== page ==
by Julie Kagawa
Published September 1st 2012 by Harlequin TEEN
Meghan Chase is finally getting used to being the Iron Queen, ruler of the Iron Fey. Her life may be strange, but with former Winter prince Ash by her side at last, she wouldn’t have it any other way.
But when they travel to the Summer and Winter courts’ gathering for Elysium, the oracle from Meghan’s past returns with a dire prophecy: “What you carry will either unite the courts, or it will destroy them.” Now Meghan faces a devastating choice that may determine the future of all fey—and her and Ash’s unborn child…
A novella from the bestselling Iron Fey series.
I had mixed feelings for this novella and the spin-off series of The Iron Fey. I was excited for both but after reading The Iron Knight, I sincerely thought that Ash and Meghan's story could finally be left alone and that any other additional story was unnecessary. The rainbows, butterflies and peace and quiet at the end of The Iron Knight screamed happily ever after to me and now this! Poor Ash and Meghan. Julie can't seem to stop torturing them.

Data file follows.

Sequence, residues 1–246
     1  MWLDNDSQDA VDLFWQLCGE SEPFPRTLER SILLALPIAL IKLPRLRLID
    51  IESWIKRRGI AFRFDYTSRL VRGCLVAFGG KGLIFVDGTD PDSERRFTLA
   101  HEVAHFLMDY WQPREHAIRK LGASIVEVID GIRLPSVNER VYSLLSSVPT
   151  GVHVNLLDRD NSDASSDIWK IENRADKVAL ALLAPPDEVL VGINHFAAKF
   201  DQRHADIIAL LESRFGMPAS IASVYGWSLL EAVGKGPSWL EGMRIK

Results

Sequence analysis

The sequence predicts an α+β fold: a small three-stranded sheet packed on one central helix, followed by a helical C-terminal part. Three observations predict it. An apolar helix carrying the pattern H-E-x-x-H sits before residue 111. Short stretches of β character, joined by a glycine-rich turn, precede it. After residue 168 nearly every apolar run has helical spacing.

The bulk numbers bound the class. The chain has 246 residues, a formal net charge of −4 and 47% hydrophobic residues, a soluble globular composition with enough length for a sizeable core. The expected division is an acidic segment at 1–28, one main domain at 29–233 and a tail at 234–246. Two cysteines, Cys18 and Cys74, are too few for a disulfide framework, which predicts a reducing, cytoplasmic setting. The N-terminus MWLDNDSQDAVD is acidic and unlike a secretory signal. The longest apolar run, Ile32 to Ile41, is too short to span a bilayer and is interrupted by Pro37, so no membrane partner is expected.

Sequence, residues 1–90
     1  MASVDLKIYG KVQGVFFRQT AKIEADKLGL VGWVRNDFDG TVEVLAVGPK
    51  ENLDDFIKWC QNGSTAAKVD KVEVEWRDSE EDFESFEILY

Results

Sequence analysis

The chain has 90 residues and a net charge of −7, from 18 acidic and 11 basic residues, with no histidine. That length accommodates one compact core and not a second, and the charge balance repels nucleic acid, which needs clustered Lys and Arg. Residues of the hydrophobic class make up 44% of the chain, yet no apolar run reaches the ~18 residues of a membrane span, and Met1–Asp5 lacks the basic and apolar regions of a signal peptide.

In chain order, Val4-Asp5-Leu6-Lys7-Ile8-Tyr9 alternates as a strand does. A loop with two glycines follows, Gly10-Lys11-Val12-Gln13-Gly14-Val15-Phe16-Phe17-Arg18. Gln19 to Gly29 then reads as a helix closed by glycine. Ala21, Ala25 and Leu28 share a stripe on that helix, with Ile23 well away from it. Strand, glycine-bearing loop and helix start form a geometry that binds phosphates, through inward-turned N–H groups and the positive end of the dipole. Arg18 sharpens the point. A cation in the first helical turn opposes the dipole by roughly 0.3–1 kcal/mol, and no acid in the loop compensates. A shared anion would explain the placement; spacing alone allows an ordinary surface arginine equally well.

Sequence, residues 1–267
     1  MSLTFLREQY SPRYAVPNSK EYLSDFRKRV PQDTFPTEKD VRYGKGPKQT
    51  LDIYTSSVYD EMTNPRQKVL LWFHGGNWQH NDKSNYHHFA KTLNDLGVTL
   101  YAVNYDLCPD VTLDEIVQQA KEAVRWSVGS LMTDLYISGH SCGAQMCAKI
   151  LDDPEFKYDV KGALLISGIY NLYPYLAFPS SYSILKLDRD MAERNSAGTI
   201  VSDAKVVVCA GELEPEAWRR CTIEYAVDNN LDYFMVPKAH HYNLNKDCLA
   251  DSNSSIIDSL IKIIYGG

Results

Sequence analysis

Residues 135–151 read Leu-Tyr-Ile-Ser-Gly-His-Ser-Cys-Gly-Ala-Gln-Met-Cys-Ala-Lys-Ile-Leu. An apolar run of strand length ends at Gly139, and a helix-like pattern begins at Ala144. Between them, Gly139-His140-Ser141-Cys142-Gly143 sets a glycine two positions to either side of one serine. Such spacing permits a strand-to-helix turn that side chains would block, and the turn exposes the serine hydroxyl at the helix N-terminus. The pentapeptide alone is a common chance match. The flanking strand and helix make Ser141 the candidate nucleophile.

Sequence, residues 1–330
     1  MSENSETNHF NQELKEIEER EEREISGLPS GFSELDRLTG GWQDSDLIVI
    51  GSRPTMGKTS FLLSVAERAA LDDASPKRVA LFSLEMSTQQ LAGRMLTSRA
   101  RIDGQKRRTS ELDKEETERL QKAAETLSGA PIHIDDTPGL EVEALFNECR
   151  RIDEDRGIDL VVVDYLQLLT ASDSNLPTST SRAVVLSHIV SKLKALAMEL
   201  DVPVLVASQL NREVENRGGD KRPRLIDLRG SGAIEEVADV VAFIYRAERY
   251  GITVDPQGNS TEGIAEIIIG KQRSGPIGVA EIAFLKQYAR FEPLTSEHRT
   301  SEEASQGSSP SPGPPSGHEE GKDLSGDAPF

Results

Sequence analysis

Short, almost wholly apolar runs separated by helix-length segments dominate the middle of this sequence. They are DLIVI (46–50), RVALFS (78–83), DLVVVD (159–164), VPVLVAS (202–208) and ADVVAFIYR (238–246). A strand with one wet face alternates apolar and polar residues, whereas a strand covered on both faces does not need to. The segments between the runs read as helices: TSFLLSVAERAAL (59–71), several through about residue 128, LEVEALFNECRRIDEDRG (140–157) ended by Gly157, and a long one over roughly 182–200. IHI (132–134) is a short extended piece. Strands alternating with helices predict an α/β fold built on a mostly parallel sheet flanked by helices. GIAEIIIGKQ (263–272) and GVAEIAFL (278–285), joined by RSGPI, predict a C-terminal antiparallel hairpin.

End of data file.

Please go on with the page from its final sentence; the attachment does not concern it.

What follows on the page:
Iron's Prophecy starts off like having a big ball of fluff thrown at you square in the face. Imagine
However, on the second part, when I started really noticing things beyond Ash and Meghan's sweetness, I couldn't help realizing how Julie always inject romance wherever she can even when the scene doesn't call for it. After that, all those sweetness between Ash and Meghan seemed forced. It was hard to enjoy their cuteness after. Though of course, Puck and Grim were there to rescue my decreasing interest for the story. Puck's humor was very refreshing however, there were also moments where I found his humor not so very spontaneous. I also loved the detailed descriptions of how Grim did all those cat-like gestures in between the dialogues. So cute!
In the end, I'm still not sure what I think of this novella as an addition to The Iron Fey series. But as an individual novella, I enjoyed pretty much most of it though there were also some parts that I found hard to make sense of.
Rating: 3/5 stars